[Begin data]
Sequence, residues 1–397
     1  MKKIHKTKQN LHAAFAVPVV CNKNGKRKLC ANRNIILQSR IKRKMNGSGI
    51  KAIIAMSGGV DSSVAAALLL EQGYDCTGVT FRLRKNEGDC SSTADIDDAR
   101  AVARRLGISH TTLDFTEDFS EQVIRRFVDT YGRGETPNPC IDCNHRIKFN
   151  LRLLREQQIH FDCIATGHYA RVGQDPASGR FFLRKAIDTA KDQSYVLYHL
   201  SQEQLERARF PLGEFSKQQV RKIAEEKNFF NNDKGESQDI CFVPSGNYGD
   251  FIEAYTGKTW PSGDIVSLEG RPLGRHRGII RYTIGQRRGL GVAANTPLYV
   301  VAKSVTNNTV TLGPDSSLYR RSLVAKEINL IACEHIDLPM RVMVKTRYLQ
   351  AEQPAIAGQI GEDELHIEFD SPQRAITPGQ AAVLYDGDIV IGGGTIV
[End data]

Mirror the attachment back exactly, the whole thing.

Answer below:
Sequence, residues 1–397
     1  MKKIHKTKQN LHAAFAVPVV CNKNGKRKLC ANRNIILQSR IKRKMNGSGI
    51  KAIIAMSGGV DSSVAAALLL EQGYDCTGVT FRLRKNEGDC SSTADIDDAR
   101  AVARRLGISH TTLDFTEDFS EQVIRRFVDT YGRGETPNPC IDCNHRIKFN
   151  LRLLREQQIH FDCIATGHYA RVGQDPASGR FFLRKAIDTA KDQSYVLYHL
   201  SQEQLERARF PLGEFSKQQV RKIAEEKNFF NNDKGESQDI CFVPSGNYGD
   251  FIEAYTGKTW PSGDIVSLEG RPLGRHRGII RYTIGQRRGL GVAANTPLYV
   301  VAKSVTNNTV TLGPDSSLYR RSLVAKEINL IACEHIDLPM RVMVKTRYLQ
   351  AEQPAIAGQI GEDELHIEFD SPQRAITPGQ AAVLYDGDIV IGGGTIV